Yesterday our family saw about 18 wild turkeys running for their lives near the edge of the forest. A coyote was chasing them and trying to make at least one of them his lunch. Fortunately for the turkeys, he was not successful. They flew into the trees and waited for about one half hour before lighting back to the ground again. No sooner when reaching their food, a couple of deer ran right into the flock of feeding turkeys; the deer were running for their lives, heading deeper into the forest. It appears that the coyote, and perhaps his pack, were now hunting larger game. This time of year (I call it the starving time) the deer are in a vulnerable position, that of being prey for predatory animals such as the wolf and coyote. They are weak and cannot move very quickly over any length of distance. When being chased, the weak in the group soon tire and are separated from the herd; this makes them easy prey for a hungry pack of coyotes. Heavy snow covers the ground this time of the year and the deer’s food source is too deep for them to dig free enough to eat.
In spite of seeing this struggle for life taking place in our meadow, it was a wondrous sight watching the wildlife at our doorstep. In retrospect, as I looked out at the scenes unfolding before me in the animals struggle for life, I now think of how similar it is for us at times. We rush to and fro trying sometimes desperately to scratch a living for our families and ourselves, only to find that some predator in our field of work has caused us great harm. We get discouraged and feel like chucking it all in. “What am I doing, trying my best when someone who does not deserve the rewards heaped on them, is getting what we worked so hard to earn?”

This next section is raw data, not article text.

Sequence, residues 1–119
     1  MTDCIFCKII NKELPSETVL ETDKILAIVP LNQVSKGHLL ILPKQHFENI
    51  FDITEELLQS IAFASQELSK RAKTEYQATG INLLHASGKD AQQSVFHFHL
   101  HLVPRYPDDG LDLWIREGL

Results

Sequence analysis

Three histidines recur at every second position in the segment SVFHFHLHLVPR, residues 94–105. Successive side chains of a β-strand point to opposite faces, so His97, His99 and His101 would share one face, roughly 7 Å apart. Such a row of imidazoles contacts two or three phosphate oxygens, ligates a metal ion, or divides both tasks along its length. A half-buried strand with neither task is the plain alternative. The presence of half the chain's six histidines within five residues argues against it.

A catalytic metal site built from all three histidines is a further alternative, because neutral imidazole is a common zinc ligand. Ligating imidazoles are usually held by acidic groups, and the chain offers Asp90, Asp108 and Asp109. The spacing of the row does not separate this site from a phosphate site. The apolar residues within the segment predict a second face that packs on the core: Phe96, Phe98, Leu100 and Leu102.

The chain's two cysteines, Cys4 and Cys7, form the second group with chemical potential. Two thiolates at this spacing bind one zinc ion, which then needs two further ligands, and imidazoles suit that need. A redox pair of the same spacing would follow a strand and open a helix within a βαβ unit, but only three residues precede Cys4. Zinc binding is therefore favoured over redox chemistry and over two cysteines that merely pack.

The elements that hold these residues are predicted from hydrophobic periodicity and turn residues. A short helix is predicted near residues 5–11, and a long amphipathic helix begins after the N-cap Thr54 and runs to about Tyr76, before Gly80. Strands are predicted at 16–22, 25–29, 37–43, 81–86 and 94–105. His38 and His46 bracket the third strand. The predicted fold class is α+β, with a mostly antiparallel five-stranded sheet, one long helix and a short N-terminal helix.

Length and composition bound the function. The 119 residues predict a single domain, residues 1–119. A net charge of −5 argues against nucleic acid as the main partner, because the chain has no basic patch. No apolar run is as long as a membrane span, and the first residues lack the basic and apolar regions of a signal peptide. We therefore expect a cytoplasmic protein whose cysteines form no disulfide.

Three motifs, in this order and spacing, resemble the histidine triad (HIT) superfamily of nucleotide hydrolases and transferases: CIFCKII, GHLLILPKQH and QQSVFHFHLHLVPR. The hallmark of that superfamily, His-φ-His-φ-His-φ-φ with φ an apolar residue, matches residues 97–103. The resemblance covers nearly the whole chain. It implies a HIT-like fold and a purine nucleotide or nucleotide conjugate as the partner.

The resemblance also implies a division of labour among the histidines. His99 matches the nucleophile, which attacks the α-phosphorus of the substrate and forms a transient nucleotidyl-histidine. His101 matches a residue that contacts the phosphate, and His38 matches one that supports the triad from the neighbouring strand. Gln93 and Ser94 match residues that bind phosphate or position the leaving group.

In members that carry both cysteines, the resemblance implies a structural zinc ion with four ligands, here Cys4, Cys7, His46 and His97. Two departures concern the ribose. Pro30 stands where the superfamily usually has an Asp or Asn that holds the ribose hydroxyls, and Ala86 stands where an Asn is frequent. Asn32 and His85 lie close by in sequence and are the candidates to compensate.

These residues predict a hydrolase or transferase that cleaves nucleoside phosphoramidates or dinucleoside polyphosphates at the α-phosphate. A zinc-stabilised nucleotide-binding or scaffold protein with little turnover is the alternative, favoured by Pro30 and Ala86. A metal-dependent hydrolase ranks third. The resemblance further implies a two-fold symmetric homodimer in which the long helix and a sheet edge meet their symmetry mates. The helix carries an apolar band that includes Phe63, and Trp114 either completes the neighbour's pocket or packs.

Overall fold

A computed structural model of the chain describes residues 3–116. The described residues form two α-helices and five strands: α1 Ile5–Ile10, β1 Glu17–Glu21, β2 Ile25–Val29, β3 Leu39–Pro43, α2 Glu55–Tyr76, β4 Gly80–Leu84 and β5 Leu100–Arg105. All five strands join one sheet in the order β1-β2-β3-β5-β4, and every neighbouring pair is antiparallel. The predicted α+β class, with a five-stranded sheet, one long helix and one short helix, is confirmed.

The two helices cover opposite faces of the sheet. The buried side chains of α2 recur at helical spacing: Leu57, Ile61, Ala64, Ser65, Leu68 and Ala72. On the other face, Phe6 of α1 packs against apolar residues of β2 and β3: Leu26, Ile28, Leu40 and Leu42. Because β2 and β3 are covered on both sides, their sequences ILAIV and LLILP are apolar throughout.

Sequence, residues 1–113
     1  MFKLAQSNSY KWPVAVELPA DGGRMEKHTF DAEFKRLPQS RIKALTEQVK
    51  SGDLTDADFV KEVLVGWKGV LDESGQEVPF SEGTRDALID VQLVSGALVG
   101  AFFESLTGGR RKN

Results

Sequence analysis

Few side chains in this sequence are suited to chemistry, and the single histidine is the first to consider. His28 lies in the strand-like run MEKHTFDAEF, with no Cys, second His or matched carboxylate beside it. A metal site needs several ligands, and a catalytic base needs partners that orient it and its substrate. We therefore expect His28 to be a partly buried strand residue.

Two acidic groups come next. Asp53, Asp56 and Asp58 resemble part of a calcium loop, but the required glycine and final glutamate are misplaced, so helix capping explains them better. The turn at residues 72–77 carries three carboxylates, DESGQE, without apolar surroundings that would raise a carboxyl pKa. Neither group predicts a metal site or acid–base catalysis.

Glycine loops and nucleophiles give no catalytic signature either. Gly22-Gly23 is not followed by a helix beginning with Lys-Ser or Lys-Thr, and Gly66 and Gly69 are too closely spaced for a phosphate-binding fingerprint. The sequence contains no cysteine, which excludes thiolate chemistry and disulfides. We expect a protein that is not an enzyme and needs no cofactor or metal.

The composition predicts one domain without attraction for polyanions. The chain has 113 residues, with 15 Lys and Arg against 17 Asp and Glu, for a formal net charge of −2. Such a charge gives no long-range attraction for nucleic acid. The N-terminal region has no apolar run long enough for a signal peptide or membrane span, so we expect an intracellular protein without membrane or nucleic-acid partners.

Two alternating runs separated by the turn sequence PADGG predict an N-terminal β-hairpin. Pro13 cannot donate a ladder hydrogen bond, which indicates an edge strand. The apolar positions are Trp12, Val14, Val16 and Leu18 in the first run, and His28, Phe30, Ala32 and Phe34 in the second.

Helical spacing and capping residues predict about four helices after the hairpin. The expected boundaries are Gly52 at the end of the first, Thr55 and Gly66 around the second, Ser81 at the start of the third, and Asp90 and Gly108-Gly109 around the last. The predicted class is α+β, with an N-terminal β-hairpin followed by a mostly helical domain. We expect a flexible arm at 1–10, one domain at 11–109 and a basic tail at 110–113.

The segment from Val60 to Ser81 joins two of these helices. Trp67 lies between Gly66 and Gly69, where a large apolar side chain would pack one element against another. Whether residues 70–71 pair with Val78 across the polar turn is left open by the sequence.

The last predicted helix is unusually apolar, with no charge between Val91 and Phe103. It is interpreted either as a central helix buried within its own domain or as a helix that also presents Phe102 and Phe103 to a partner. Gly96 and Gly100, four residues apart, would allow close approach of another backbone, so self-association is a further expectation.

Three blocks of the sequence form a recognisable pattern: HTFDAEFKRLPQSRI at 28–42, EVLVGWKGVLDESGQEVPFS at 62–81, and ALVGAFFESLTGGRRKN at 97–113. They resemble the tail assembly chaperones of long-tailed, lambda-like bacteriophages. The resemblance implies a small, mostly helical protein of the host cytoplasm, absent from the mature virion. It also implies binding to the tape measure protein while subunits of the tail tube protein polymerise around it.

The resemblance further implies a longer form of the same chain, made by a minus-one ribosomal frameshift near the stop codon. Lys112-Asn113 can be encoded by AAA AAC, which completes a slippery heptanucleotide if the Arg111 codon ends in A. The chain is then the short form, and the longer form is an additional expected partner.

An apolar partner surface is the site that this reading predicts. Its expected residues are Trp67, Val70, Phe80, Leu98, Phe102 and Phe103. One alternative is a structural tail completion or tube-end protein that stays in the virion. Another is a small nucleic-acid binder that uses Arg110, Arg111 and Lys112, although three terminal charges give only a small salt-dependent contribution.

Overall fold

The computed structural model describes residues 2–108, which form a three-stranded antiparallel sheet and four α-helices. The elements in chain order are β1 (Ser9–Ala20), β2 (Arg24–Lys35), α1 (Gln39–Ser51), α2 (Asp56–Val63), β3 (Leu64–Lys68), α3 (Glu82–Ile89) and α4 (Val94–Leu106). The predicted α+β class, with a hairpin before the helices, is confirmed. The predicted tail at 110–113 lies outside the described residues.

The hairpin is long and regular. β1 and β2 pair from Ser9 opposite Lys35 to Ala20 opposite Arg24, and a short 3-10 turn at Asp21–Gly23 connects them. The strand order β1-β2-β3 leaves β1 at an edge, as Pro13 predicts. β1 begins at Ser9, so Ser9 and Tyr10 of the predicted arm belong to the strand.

|Flight to safety.|
The other day I was discouraged over the heavy financial burden we faced this year. I became down trodden thinking about how much we paid in taxes, as well as the amount left to pay. Anne arrived home and sat down next to me and she noticed I was down. After I shared with her the reasons for me being unhappy, she looked at me and smiled. “Augie, I felt as you do now, but then I started thinking about how God has blessed us with healthy children, a wonderful home and steady employment. I realized that he is taking care of us and he still will tomorrow and the day after.” This made me take stock over how God has indeed blessed us with so much, and how he will the next day and all the days that follow. My eyes then went from looking at the ground, to praising God quietly in my heart.
In Mathew 6:25, Jesus talks with his disciples about the need to not worry about anything. He goes on to tell his disciples that God will take of each one of you. He uses the analogy of sparrows of the field that do not plant or gather their crops. He says that God even takes care of these little animals, and he will take care of each of them as well. This reminds me that God is taking care of my family and myself. I have nothing to worry about. Just as I walk my son across a busy intersection by holding on to his hand, God does so with me. My son is not watchful of danger because he knows that his daddy is looking out for him, and my son knows that I will not let anything happen to him. Will doesn’t have to see his destination, only I have to. He trusts me to get him there without having to panic or be filled with fear. So it is with God, he holds our hand and helps us through our busy streets until we reach the other side.